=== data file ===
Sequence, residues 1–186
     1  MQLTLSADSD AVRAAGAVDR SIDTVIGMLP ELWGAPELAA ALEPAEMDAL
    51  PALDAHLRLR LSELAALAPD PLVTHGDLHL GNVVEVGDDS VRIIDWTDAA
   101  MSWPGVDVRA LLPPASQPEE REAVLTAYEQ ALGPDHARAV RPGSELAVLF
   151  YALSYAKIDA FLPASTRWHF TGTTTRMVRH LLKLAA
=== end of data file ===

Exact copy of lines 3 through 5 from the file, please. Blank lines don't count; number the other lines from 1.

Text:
    51  PALDAHLRLR LSELAALAPD PLVTHGDLHL GNVVEVGDDS VRIIDWTDAA
   101  MSWPGVDVRA LLPPASQPEE REAVLTAYEQ ALGPDHARAV RPGSELAVLF
   151  YALSYAKIDA FLPASTRWHF TGTTTRMVRH LLKLAA